The chance for normalized commercial relations with Cuba are expected to create opportunities for Arkansas farmers, an official with Riceland Foods told a U.S. Senate committee Tuesday.
Terry Harris, the senior vice president of marketing and risk management for the Stuttgart-based cooperative, told Sen. John Boozman, R-Ark., and other members of the Senate Agriculture Committee during a hearing on opportunities and challenges for agriculture trade with Cuba.
Supporters of the idea have said that trade will open up the Caribbean nation to products and freedom, while opponents have stressed their opposition, citing the country’s human rights record and government control of the economy.
Harris told the committee that Cuba is a significant market for rice. The country imports $300 billion worth of rice annually, most of it from Vietnam.
“As the largest rice producer in the country, Arkansas is in a good position to benefit from exporting this commodity to Cuba,” Boozman said. “This is a great way to expand agriculture markets and to share our ideals with the Cuban people.”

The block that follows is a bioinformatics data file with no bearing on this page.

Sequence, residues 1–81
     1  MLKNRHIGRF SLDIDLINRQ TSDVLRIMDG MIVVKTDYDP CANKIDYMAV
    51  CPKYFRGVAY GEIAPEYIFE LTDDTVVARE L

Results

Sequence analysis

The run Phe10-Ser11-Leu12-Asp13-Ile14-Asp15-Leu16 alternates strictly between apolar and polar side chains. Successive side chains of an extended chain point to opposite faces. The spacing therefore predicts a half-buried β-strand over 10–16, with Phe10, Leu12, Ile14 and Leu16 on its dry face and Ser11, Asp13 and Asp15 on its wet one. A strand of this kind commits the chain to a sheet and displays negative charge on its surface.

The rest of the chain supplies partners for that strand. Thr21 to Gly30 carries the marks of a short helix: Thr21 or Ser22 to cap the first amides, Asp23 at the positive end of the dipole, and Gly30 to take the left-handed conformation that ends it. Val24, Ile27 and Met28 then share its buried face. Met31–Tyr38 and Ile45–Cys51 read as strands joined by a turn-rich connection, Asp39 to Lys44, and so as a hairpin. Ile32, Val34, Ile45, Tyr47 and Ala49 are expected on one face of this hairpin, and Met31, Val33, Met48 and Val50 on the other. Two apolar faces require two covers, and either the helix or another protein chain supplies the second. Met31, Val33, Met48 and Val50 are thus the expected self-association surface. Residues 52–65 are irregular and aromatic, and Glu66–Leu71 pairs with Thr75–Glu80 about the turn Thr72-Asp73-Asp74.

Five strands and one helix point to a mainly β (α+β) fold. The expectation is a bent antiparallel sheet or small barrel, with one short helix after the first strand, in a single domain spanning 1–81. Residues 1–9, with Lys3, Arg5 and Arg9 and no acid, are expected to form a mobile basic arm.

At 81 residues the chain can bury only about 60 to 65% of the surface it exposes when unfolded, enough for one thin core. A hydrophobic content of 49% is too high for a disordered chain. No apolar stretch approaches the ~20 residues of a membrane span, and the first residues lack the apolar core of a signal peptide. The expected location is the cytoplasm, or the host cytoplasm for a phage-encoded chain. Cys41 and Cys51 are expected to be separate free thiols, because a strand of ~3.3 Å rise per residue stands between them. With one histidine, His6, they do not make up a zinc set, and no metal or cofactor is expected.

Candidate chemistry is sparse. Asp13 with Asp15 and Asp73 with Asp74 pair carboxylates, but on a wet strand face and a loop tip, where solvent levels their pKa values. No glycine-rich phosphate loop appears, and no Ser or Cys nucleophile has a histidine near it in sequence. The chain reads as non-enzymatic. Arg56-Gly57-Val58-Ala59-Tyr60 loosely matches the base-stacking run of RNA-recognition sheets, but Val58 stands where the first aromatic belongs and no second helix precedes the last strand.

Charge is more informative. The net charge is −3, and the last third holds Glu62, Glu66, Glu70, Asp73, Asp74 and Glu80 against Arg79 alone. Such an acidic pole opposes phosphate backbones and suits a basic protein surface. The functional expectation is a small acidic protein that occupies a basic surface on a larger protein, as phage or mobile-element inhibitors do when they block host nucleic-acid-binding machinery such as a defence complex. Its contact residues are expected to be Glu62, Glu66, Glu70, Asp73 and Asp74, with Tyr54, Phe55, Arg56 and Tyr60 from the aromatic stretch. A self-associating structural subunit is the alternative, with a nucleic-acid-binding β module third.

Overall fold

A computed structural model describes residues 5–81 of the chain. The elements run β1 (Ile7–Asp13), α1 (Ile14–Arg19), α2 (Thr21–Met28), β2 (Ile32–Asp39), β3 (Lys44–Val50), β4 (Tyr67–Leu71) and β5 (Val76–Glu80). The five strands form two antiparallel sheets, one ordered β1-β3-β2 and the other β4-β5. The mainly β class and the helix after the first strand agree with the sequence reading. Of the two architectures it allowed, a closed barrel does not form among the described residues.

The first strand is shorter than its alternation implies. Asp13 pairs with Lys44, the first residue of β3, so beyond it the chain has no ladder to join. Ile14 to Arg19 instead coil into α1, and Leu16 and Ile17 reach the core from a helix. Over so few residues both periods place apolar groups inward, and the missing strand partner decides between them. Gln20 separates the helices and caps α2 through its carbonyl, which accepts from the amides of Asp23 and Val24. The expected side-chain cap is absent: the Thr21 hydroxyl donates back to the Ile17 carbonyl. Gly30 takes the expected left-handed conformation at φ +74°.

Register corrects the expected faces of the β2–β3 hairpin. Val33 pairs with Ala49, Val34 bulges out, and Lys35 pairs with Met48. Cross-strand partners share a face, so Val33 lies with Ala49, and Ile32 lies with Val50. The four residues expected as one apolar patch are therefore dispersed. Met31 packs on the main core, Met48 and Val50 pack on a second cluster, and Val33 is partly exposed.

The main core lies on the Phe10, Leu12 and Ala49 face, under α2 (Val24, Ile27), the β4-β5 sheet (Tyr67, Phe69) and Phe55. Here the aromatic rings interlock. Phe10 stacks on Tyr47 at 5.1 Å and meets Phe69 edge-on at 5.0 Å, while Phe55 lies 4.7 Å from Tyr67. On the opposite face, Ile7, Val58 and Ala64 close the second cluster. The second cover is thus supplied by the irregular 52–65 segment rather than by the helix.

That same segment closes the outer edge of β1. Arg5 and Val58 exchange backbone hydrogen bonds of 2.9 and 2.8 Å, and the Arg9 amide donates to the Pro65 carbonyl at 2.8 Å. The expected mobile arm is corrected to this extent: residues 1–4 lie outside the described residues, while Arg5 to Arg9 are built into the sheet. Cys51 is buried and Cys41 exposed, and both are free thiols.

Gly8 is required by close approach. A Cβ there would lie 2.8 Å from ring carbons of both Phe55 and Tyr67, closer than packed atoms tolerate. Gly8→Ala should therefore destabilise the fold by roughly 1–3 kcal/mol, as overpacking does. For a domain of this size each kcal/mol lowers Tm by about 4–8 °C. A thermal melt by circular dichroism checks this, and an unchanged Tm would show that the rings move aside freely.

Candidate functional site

The idea was echoed by Harris.
“The U.S. rice industry wholeheartedly supports the opportunity to move to normal commercial relations with Cuba,” Harris told lawmakers. “Prior to the U.S. embargo on Cuba more than 50 years ago, the island was the number one export destination for U.S. rice.”
Harris participated in the first sale of U.S. rice to Cuba since the embargo was imposed after Congress passed the Trade Sanctions Reform and Export Enhancement Act of 2000; and was in Cuba when the first shipment of U.S. rice arrived.
“It was an incredible experience for me to see how excited they were with the quality of rice they had purchased for the people of Cuba. I saw what can happen when barriers are removed and people are allowed to meet and find common ground for cooperation and trade,” Harris said during his testimony.
“I’ve long supported efforts to end the embargo of U.S. agriculture exports to Cuba, relax the travel ban and loosen monetary restrictions. I intend to work with my colleagues to create changes to this outdated policy while pushing for human rights improvements and democratic change in Cuba,” Boozman said.
Boozman joined a bipartisan group of senators in Jan. 2015 to introduce the Freedom to Travel to Cuba Act of 2015 which aims to legislatively address the administration’s proposal to loosen travel restrictions to Cuba and remove restrictions on banking transactions incidental to travel.